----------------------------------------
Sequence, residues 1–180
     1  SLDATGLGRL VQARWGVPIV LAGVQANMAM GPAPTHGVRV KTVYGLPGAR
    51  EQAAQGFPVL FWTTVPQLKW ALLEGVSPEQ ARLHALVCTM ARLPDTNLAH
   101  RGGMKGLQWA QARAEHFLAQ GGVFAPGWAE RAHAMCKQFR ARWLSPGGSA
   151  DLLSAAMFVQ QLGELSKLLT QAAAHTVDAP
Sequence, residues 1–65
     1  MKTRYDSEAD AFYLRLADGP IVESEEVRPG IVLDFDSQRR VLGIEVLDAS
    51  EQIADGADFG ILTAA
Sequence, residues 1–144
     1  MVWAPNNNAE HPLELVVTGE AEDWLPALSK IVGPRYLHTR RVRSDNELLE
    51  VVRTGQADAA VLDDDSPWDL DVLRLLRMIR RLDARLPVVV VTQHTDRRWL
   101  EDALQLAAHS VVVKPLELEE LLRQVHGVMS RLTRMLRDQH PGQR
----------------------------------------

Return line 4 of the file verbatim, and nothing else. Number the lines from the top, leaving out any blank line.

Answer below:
   101  RGGMKGLQWA QARAEHFLAQ GGVFAPGWAE RAHAMCKQFR ARWLSPGGSA